Have you ever seen a white shell with yellow spots precariously attached to a sea rod or sea fan? That’s a Flamingo Tongue snail!
Although their shells appear beautifully patterned with colorful spots, these spots are only visible while the snail is alive. A Flamingo Tongue’s shell is actually white. The vibrant spots come from the snail’s mantle which is extended over the shell.
What do they eat?
Only ¾ to 1 inch in size, these little snails feed on the polyps of sea rods as well as other gorgonians (soft corals). As gastropods, aka stomach-footed snails, Flamingo Tongues use their foot to eat!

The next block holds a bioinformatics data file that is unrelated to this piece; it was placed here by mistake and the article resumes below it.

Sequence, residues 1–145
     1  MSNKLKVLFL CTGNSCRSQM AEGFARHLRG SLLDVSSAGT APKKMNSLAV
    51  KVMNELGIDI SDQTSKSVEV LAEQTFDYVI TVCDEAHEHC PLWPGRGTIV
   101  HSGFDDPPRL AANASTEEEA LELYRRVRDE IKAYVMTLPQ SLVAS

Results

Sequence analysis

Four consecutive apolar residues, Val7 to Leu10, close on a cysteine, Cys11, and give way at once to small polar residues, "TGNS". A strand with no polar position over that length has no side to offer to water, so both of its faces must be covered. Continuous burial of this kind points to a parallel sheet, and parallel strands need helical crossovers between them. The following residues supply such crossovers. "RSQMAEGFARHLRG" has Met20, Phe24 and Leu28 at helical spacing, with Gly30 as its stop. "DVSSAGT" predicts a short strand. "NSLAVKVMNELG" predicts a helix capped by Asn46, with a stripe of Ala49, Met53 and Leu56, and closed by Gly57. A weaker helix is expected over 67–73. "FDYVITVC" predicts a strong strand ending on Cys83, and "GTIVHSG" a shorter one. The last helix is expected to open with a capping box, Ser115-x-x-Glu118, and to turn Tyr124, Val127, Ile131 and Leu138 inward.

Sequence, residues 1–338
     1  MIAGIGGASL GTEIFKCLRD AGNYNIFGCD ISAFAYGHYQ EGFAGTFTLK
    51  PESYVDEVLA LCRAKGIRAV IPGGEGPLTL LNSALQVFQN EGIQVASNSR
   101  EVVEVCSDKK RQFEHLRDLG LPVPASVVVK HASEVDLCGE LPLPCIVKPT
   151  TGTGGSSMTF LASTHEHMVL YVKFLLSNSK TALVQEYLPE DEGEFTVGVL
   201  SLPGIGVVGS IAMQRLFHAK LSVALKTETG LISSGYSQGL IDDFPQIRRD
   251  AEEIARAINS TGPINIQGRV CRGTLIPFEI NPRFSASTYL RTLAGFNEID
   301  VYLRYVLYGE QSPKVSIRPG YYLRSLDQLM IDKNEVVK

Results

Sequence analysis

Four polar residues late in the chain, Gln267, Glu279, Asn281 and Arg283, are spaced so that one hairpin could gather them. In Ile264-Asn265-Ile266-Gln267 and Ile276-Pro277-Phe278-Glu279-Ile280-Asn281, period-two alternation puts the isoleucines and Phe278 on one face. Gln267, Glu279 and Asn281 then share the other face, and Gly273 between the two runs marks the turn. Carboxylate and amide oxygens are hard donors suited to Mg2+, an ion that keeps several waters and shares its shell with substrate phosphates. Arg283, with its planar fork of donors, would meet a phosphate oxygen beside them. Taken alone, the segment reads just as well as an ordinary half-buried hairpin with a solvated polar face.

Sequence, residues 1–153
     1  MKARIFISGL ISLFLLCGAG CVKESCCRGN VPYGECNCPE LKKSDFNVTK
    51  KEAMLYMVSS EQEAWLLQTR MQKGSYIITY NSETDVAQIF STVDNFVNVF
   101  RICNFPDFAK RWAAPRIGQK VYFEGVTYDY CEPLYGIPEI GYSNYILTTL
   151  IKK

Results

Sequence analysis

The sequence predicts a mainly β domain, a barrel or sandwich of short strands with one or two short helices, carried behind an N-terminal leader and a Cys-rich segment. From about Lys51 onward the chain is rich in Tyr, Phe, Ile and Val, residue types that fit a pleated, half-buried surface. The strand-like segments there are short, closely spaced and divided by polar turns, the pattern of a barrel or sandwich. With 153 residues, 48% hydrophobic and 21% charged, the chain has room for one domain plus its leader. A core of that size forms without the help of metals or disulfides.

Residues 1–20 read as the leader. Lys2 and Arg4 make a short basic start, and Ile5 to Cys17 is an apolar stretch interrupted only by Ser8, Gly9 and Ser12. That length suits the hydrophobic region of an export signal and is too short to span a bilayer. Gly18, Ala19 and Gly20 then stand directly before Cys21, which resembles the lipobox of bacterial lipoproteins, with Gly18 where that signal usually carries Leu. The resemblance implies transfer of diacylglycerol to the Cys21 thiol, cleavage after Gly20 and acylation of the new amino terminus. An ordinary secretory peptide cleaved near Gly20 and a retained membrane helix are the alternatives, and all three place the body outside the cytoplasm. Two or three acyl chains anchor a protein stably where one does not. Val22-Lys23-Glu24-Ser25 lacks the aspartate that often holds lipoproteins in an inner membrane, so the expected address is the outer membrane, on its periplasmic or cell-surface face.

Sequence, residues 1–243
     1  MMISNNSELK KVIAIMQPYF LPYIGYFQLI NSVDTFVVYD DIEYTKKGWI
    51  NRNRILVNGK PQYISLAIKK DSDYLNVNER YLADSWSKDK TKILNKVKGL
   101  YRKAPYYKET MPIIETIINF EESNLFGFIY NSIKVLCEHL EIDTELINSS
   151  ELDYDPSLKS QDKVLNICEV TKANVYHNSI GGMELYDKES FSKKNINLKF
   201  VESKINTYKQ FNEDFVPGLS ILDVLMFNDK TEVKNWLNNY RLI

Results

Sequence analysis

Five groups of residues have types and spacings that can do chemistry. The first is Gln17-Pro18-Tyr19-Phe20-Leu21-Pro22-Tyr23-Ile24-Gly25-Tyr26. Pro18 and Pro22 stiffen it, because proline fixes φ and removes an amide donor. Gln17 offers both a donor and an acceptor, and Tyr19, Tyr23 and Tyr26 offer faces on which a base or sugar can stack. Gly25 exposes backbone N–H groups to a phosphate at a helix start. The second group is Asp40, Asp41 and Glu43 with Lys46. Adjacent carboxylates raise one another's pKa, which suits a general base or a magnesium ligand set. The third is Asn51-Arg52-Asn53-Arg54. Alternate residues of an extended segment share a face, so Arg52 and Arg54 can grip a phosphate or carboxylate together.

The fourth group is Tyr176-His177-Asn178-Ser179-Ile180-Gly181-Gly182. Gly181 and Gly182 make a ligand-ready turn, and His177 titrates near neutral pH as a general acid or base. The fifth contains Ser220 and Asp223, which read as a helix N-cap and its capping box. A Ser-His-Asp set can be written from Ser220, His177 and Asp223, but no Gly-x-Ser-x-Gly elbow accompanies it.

Who eats them?
Flamingo Tongues only have a few predators, such as the hogfish, pufferfish, and the Caribbean Spiny lobster. Apparently their mantle is not too tasty to fish, so it acts a defense mechanism.
Commonly found in Florida, the Bahamas, and the Caribbean, Flamingo Tongues can be seen anywhere from 6 to 45 feet, although I have seen them much deeper.
Based on this tid-bit from National Geographic, it appears the Flamingo Tongues can ingest toxic sea fan polyps without being injured, but in turn they become toxic themselves. Scientists believe the toxic chemicals ingested by the snails are the cause for their distastefulness.
Flamingo Tongues are becoming less common due to over-collecting by divers and snorkelers. Please do NOT collect LIVE Flamingo Tongues…take only pictures!
“Don’t take Florida for granted” (Pura Vida Divers).